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Tramadol Overdose Signs, Symptoms, And Treatment

Isaac Alexis, M.D., AAMA, AMP-BC

Medically reviewed by

Isaac Alexis, M.D., AAMA, AMP-BC

May 28, 2019

Tramadol is a narcotic pain reliever that can lead to dependence and overdose. People suffering a tramadol overdose may have symptoms such as slowed heartbeat, difficulty breathing, or unconsciousness.

Tramadol is a commonly prescribed opioid painkiller. This drug can treat moderate to moderately severe pain. Although this narcotic is considered less addictive than other opioids, tramadol can lead to dependence and overdose.

When a person takes too much tramadol, they may experience an overdose. Symptoms of an opioid overdose include muscle weakness and clammy skin.

Tramadol is a central nervous system depressant, and slows down the systems of the body. This can result in slowed or stopped breathing, which is the most common cause of fatal overdose.

Tramadol overdose symptoms may also include:

  • drowsiness
  • difficulty breathing
  • weak muscles
  • decreased pupil size (“pinpoint” or “pinned out” pupils)
  • reduced heart rate
  • cold or clammy skin
  • gray or bluish tint to the skin
  • limp body
  • choking or gurgling sounds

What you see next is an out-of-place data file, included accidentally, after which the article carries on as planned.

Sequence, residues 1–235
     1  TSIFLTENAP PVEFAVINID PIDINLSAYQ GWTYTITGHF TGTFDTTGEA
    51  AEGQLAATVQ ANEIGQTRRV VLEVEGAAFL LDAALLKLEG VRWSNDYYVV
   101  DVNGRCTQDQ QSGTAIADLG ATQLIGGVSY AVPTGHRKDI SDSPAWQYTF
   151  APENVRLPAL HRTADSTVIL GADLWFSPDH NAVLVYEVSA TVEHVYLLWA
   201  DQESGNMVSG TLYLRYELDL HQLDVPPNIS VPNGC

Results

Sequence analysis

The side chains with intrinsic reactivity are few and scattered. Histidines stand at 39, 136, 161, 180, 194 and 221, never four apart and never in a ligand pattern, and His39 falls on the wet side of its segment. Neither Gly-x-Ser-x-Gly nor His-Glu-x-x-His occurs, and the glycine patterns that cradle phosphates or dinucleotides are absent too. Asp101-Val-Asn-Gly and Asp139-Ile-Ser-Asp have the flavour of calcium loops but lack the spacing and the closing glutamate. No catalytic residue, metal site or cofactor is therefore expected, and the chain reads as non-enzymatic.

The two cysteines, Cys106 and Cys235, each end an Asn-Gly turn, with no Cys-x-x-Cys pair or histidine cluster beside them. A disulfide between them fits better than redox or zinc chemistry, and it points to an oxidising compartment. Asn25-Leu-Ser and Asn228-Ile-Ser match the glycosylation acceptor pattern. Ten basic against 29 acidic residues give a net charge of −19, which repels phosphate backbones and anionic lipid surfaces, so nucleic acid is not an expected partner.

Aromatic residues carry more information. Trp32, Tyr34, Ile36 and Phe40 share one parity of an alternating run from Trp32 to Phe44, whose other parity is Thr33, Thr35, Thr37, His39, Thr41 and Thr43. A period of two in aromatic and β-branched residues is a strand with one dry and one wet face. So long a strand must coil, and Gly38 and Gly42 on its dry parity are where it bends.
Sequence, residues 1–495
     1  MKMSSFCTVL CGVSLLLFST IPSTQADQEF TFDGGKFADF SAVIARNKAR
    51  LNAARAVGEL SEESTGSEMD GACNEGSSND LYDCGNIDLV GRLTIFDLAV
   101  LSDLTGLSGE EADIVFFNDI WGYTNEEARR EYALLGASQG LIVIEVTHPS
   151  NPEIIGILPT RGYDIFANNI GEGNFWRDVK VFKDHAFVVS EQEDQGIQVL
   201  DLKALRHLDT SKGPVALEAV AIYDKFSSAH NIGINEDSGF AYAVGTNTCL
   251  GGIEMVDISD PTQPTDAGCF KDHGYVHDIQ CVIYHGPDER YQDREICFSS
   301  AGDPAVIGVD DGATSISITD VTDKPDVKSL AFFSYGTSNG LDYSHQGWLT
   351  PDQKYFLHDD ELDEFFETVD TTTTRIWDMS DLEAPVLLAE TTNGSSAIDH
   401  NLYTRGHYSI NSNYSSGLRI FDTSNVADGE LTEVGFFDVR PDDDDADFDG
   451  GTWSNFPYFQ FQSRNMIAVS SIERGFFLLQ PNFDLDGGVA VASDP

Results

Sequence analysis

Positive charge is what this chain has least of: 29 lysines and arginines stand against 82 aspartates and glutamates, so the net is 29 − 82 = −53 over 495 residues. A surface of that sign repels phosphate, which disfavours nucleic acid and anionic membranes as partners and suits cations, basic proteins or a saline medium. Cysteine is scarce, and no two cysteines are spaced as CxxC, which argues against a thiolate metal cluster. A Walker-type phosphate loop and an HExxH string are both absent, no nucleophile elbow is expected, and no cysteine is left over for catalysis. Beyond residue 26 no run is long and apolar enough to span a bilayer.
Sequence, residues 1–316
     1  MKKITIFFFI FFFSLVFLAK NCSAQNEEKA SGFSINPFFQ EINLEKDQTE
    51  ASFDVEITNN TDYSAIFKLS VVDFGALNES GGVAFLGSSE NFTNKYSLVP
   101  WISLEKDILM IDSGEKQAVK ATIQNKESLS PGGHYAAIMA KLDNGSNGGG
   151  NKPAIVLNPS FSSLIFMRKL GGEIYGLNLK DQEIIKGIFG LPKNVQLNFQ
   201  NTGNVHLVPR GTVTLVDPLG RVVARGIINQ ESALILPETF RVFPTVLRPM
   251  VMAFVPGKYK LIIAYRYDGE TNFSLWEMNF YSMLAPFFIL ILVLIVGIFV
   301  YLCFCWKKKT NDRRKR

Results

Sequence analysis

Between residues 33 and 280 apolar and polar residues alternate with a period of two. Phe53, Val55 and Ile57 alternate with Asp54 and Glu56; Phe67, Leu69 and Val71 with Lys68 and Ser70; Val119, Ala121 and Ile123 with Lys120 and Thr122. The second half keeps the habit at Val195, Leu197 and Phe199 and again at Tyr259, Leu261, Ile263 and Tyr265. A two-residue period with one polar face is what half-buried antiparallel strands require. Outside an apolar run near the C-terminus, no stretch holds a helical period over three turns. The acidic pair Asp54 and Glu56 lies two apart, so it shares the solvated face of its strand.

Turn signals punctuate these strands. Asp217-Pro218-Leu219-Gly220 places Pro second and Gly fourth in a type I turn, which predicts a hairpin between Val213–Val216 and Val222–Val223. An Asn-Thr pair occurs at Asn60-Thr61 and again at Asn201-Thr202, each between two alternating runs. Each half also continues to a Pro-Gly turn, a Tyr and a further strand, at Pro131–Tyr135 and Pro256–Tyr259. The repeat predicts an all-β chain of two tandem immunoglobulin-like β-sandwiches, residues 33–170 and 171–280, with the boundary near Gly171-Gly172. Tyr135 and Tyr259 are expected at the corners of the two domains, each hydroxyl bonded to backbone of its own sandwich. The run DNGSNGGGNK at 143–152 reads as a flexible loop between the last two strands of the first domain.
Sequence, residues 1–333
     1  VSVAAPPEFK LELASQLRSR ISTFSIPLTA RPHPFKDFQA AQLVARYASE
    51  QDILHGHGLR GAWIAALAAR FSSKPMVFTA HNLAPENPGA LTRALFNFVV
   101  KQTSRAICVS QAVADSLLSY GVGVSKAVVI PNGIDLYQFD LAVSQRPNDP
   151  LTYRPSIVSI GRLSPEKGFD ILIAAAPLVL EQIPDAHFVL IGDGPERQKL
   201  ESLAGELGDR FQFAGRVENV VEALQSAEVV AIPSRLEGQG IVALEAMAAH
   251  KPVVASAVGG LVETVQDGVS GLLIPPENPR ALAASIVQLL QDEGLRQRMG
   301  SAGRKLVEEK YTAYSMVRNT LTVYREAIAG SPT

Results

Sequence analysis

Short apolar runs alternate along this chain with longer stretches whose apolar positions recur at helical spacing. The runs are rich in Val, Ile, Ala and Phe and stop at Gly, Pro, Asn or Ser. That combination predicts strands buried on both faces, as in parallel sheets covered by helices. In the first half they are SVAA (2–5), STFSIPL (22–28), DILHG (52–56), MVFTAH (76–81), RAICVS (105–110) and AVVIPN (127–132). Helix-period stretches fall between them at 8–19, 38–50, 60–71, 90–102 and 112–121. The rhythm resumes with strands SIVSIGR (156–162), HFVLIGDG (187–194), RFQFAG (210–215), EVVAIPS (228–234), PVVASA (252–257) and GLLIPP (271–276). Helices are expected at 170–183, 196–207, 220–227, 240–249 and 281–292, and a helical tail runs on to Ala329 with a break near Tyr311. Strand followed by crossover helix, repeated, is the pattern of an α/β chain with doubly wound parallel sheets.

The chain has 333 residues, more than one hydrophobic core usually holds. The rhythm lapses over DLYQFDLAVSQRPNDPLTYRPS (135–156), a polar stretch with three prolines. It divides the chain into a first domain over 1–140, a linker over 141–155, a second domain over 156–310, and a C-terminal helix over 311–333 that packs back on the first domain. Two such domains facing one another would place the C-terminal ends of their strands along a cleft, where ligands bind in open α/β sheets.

• coma

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Tramadol overdose is a medical emergency. If you see a person displaying these symptoms, call 911 immediately. Try to keep the person awake and breathing, until help arrives.

Can You Overdose On Tramadol?

Yes. Tramadol is an opioid pain reliever, and contributes to the opioid epidemic currently hitting the U.S. Tramadol toxicity occurs when a person takes a dangerously large amount of the drug.

This opioid analgesic can cause feelings of relaxation and euphoria, which sometimes leads people to ingest large amounts.

While it is possible to overdose on tramadol when taking the drug as prescribed, most opioid overdoses occur when a person is abusing the drug. Abuse occurs when a person takes higher or more frequent doses than directed.

People who struggle with tramadol abuse may also crush and snort the tablets, for a quicker high. This causes the entire dose to hit the bloodstream at once, which heightens the risk of overdose.

Opioid overdose decreases the amount of oxygen that reaches the brain, which could result in coma, permanent brain damage, or death.

How Much Tramadol Is Too Much?

People who have tramadol prescriptions may be curious how much it takes to overdose. Tramadol is sold under several brand names, and may come in oral tablets or extended-release capsules.

The typical therapeutic dose for extended-release is 100 milligrams, once a day. Oral tablets are usually 25 milligrams per day, taken in the morning.

When tramadol is taken exactly as prescribed, the chance of overdose is low. However, drugs like tramadol can affect people differently, based on a person’s body mass index and medical history.

If a person abuses tramadol by crushing and snorting an extended-release capsule, they will get a heavy dose of the medication at once. This type of behavior is what contributes to overdose risk. Additionally, if a person mixes opioids like tramadol with another drug (such as alcohol), their risk of overdose spikes.

What To Do When Someone Overdoses On Tramadol

When someone overdoses on tramadol, they will likely show indications of physical distress. Some people display the classic signs of overdose (like gray or bluish skin), while others may simply look asleep.